7. Evaluate the various techniques used to construct arguments in multimodal presentations.
  8. Use vocabulary appropriate to the topic, audience, and purpose.
  9. Evaluate effectiveness of multimodal presentations.

11.5

The student will read, interpret, analyze, and evaluate a variety of nonfiction texts including employment documents and technical writing.
  1. Apply information from texts to clarify understanding of concepts.
  2. Read and correctly interpret an application for employment, workplace documents, or an application for college admission.
  3. Analyze technical writing for clarity.
  4. Paraphrase and synthesize ideas within and between texts.
  5. Draw conclusions and make inferences on explicit and implied information using textual support.
  6. Analyze multiple texts addressing the same topic to determine how authors reach similar or different conclusions.
  7. Analyze false premises, claims, counterclaims, and other evidence in persuasive writing.
  8. Recognize and analyze use of ambiguity, contradiction, paradox, irony, sarcasm, overstatement, and understatement in text.
  9. Generate and respond logically to literal, inferential, evaluative, synthesizing, and critical thinking questions about the text(s).

12.1

The student will make planned persuasive/argumentative, multimodal, interactive presentations collaboratively and individually.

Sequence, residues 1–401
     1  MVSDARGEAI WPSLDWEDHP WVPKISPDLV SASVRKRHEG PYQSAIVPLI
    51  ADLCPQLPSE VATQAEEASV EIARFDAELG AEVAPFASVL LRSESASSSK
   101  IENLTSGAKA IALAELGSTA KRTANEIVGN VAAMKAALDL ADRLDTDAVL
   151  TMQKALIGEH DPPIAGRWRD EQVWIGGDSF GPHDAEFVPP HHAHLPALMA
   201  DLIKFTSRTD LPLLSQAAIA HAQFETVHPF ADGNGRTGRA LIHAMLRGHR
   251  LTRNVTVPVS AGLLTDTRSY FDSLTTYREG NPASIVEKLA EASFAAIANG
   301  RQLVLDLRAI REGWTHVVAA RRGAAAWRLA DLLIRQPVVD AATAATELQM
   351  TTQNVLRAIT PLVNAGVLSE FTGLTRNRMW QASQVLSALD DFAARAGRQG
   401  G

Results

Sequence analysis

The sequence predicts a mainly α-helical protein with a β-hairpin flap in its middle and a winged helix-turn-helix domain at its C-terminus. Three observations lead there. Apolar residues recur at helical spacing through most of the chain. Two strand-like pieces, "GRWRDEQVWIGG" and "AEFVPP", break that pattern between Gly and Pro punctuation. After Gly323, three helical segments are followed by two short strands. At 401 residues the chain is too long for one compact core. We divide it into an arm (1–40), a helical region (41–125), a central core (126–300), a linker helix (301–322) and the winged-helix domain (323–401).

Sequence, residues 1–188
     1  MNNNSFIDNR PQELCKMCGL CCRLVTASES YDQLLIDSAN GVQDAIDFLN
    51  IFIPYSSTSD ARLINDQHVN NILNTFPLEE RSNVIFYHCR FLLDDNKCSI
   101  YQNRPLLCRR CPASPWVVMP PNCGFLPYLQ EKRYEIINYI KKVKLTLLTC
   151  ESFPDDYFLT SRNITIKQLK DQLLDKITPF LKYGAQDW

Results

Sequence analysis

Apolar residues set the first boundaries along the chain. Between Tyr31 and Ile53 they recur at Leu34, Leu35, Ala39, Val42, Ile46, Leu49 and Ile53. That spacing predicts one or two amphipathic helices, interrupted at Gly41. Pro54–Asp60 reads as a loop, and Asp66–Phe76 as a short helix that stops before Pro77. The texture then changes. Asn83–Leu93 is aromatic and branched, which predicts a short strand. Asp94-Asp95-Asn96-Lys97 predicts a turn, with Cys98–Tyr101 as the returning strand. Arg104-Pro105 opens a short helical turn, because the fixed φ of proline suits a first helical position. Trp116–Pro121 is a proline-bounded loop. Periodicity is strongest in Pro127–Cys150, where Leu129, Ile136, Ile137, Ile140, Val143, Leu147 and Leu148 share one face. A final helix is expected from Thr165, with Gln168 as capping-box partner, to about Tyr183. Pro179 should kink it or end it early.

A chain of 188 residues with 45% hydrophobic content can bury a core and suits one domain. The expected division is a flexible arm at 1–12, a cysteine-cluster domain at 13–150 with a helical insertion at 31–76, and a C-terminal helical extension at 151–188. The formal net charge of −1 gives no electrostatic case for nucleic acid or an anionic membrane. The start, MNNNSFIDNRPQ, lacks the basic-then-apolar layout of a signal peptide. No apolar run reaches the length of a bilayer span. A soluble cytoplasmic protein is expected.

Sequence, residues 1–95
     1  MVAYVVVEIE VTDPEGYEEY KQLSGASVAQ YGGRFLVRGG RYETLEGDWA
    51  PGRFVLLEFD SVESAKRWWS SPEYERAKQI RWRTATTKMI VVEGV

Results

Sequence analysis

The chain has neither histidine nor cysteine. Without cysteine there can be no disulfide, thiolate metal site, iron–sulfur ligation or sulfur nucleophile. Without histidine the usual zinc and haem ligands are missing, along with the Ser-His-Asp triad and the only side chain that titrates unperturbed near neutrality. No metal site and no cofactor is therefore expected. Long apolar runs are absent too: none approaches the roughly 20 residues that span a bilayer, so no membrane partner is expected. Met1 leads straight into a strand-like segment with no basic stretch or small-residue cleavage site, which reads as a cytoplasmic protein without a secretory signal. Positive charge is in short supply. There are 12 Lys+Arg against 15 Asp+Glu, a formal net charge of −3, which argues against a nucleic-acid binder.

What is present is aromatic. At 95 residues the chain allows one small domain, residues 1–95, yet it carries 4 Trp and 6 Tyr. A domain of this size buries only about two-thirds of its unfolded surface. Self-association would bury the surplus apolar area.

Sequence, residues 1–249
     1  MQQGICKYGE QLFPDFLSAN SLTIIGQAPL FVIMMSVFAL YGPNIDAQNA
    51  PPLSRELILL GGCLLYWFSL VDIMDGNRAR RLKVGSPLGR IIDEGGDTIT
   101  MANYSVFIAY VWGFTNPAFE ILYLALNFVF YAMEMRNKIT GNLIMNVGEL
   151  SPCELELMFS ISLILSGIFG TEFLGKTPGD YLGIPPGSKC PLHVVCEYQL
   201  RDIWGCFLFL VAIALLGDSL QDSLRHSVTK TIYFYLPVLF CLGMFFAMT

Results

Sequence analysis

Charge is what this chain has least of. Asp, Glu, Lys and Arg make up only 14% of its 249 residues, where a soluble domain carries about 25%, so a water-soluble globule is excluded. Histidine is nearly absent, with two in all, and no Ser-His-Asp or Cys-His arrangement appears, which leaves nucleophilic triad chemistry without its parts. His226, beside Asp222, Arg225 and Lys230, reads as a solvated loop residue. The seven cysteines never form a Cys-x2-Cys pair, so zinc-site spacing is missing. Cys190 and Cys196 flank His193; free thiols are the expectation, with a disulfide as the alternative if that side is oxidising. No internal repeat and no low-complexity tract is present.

1. Select and effectively use multimodal tools to design and develop presentation content.
  2. Credit information sources.
  3. Demonstrate the ability to work collaboratively with diverse teams.
  4. Anticipate and address alternative or opposing perspectives and counterclaims.
  5. Evaluate the various techniques used to construct arguments in multimodal presentations.
  6. Use a variety of strategies to listen actively and speak using appropriate discussion rules with awareness of verbal and nonverbal cues.
  7. Critique effectiveness of multimodal presentations.

12.5

The student will read, interpret, analyze, and evaluate a variety of nonfiction texts.
  1. Use critical thinking to generate and respond logically to literal, inferential, and evaluative questions about the text(s).
  2. Identify and synthesize resources to make decisions, complete tasks, and solve specific problems.
  3. Analyze multiple texts addressing the same topic to determine how authors reach similar or different conclusions.
  4. Recognize and analyze use of ambiguity, contradiction, paradox, irony, overstatement, and understatement in text.
  5. Analyze false premises claims, counterclaims, and other evidence in persuasive writing.

History and Social Science

CE.1

The student will demonstrate skills for historical thinking, geographical analysis, economic decision making, and responsible citizenship by

  1. analyzing and interpreting evidence from primary and secondary sources, including charts, graphs, and political cartoons;
  2. analyzing how political and economic trends influence public policy, using demographic information and other data sources;
  3. analyzing information to create diagrams, tables, charts, graphs, and spreadsheets;
  4. determining the accuracy and validity of information by separating fact and opinion and recognizing bias;
  5. constructing informed, evidence-based arguments from multiple sources;
  6. determining multiple cause-and-effect relationships that impact political and economic events;
  7. taking informed action to address school, community, local, state, national, and global issues;
  8. using a decision-making model to analyze and explain the costs and benefits of a specific choice;